A political scientist by training and a journalism lecturer by trade, Wong Chin Huat is based in Monash University Sunway Campus. He hopes his home state will soon cease to be a kleptocracy propped up by unelected institutions. If democracy can only be restored with two more by-elections in Perak, he would appreciate any act of God.

Monday, April 13, 2009

The Last UMNO Prime Minister

As it now stands, Najib is doomed to be the last UMNO Prime Minister. He will not be even a “one-termer.” He will go down in history as our shortest-serving Prime Minister. Worse, it will be recorded for posterity that he was the Malay leader who brought down a once glorious organization, UMNO, an institution his late father was so instrumental in setting up.

by M. Bakri Musa

Newly-sworn Prime Minister Najib Razak created a buzz when he released 13 prisoners detained under the Internal Security Act (ISA) and lifted the ban on Harakah and Suara Keadilan, publications of the opposition parties. He also promised “a comprehensive review” of the ISA, a statute long abused to silence the government’s critics.

Malaysians long yearning for a change applauded him. There were skeptics, of course.

Alas that was last week. This week the hopes of those citizens were cruelly crushed when they saw the real Najib with the announcement of his new cabinet. Far from being a team that would wow Malaysians, Najib’s cabinet was, as Tunku Aziz put it, “a team of recycled political expendables.” And a bloated one at that!

The skeptics were right; Najib’s earlier act was nothing but a big and cruel tease.

This roster of “political expendables” was the best that the man could offer, from a leader who only a week earlier warned his party that it should “change or be changed.” When given the ultimate freedom to choose his own team, Najib stuck to the tried and true, or what he thought to be so. So this was Najib’s brave version of “Berani Berubah!” (Dare to Change!).

Najib is incapable of change; there is nothing in him to suggest otherwise. He could not even recognize the need for one, much less respond to it. Change would be totally out of character for the man. Far from welcoming or be invigorated by it, change would threaten him.

Unfortunately for Najib, Malaysia has changed. Incapable of change, he is doomed to be changed come the next general elections, from Prime Minister to Leader of the Opposition. He will be our shortest serving chief executive, our Gerald Ford. Ford was the unelected American President who assumed office following Nixon’s forced resignation over the Watergate scandal. Like Ford, Najib too was not elected to the highest office. Ford was subsequently rejected by voters; the same fate awaits Najib.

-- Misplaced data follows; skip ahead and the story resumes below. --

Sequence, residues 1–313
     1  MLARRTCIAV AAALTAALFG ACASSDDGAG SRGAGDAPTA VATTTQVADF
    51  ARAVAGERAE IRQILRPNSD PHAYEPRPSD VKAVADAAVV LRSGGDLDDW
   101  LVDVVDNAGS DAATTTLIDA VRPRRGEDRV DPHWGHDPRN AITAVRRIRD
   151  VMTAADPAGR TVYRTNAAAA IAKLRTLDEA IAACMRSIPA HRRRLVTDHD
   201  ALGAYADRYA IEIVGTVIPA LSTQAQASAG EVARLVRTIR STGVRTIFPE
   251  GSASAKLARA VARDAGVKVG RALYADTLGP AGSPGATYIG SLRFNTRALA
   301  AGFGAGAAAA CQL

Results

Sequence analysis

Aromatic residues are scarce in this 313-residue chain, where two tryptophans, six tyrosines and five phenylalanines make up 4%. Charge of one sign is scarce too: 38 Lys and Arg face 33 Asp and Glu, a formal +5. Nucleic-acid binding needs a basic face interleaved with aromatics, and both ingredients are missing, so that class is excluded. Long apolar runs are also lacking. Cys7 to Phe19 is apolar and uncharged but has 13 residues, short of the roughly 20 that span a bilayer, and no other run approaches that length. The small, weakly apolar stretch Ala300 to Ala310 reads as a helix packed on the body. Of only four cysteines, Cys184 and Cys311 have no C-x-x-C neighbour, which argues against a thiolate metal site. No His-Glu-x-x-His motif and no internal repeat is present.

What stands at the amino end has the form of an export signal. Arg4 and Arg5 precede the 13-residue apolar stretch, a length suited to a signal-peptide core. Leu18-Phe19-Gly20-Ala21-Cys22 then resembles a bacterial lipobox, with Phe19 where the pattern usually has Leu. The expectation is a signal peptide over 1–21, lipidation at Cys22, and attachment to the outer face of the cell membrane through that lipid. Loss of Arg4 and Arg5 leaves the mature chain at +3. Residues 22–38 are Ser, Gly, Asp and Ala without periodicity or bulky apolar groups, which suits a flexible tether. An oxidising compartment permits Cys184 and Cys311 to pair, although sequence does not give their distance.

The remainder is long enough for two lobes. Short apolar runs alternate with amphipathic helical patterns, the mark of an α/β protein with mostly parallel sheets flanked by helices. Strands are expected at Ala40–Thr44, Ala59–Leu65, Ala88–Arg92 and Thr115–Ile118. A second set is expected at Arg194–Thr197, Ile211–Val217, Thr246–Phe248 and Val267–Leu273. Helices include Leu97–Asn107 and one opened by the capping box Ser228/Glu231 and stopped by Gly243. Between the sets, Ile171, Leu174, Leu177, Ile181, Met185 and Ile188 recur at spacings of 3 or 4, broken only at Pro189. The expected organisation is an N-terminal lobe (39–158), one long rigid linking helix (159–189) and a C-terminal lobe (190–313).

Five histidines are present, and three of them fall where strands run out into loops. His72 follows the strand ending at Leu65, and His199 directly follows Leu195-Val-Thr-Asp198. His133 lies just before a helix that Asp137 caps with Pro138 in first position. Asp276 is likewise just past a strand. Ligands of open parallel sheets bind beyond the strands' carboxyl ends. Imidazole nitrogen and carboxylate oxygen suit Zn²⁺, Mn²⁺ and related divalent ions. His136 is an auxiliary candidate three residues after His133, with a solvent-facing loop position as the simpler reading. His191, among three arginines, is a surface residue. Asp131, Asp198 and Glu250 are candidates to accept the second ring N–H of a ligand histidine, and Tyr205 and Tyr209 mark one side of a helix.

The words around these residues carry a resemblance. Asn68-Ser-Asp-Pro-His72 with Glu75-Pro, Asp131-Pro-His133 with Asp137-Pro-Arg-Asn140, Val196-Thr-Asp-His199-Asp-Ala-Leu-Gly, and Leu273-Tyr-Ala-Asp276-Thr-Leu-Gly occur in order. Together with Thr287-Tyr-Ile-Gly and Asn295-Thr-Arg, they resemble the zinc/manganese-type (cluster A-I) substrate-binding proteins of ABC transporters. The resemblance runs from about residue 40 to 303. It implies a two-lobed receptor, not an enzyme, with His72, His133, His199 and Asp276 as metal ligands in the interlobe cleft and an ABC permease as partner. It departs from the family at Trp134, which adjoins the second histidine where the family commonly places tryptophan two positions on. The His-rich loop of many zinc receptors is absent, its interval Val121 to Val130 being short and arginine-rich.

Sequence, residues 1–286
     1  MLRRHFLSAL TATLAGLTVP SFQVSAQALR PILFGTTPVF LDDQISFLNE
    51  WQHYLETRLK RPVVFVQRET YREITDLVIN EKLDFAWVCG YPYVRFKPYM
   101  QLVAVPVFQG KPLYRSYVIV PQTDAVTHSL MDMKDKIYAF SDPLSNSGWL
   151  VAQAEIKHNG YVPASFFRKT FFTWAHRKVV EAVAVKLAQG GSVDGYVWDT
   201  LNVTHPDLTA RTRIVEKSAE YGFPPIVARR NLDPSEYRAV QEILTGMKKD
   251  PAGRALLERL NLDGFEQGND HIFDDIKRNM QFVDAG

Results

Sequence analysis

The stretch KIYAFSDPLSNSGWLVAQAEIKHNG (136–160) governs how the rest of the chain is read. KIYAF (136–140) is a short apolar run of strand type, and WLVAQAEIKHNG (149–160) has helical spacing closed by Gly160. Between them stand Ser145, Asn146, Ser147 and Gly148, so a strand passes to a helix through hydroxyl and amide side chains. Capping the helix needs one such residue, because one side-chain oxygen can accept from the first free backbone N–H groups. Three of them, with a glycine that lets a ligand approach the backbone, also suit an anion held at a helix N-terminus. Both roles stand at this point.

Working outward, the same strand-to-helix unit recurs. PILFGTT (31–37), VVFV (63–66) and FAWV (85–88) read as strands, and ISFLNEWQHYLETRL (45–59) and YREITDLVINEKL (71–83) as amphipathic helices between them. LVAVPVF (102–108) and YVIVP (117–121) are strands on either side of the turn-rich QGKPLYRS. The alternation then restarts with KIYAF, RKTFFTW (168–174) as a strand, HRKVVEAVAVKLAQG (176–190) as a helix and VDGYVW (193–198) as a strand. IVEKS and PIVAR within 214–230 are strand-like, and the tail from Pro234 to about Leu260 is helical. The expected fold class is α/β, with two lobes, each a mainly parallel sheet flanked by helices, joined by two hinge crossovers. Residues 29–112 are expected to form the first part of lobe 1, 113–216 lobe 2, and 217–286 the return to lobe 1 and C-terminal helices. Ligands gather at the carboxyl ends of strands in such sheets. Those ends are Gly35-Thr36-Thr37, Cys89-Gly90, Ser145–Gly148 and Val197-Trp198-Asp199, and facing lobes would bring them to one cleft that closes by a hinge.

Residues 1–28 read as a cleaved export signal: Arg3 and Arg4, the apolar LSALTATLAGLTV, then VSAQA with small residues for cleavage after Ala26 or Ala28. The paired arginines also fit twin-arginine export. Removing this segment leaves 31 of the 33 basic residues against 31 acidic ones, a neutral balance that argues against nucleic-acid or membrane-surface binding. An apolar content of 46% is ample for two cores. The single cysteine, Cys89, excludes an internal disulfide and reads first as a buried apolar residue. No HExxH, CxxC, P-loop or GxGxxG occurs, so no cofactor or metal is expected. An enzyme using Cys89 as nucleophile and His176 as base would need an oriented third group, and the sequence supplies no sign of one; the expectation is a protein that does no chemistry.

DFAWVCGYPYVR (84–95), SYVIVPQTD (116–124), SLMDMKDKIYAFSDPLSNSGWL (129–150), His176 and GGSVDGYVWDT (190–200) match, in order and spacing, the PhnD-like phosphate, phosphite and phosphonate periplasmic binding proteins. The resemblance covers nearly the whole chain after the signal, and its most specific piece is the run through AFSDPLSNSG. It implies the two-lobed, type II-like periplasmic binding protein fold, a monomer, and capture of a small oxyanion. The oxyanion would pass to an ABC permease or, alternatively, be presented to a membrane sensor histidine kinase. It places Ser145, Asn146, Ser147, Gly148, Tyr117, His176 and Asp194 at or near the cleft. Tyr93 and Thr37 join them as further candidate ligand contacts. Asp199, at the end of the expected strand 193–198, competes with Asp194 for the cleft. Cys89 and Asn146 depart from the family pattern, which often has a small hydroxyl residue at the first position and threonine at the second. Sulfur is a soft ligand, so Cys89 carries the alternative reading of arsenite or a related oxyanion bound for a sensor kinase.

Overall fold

For Malaysia, that would truly be a wasted decade, with the first half already being squandered by Najib’s predecessor, Abdullah Badawi.

The True Najib

Najib is the obedient first son, the loyal subordinate, and the traditionalist aristocrat. He even inherited his father’s ancient tribal title, Orang Kaya Indera Shahbandar! How quaint in this 21st Century! His career path has been straight and narrow, on a track that had been conveniently laid down for him by others who felt indebted or grateful to his illustrious father.

Najib has never shown a talent for striking new paths. Even his ascendance to the Prime Minister’s office was paved by others, in particular Tun Mahathir and Muhyyudin Yassin. Najib must remember that a favor offered is a favor owed.

Just as he was the obedient son, Najib was also the dutiful and loyal subordinate. His blind obedience to Abdullah Badawi drew the wrath of Tun Mahathir. As for experience, Najib has been dependent on paychecks from the public purse all his adult life. He never had to meet a payroll; he has no idea of the trials and challenges of that endeavor; nor does he appreciate the sense of accomplishments and independence of those who have.

This is not the profile of a leader capable of making radical changes that Malaysia so desperately needs now.

Unfortunately the track Najib is on now ends at his office. Ahead, for him and the nation, is uncharted territory, with steep hills to climb and wide canyons to traverse. Turning back is not an option, as that path so carefully crafted by earlier leaders is now destroyed for lack of maintenance and prudent use.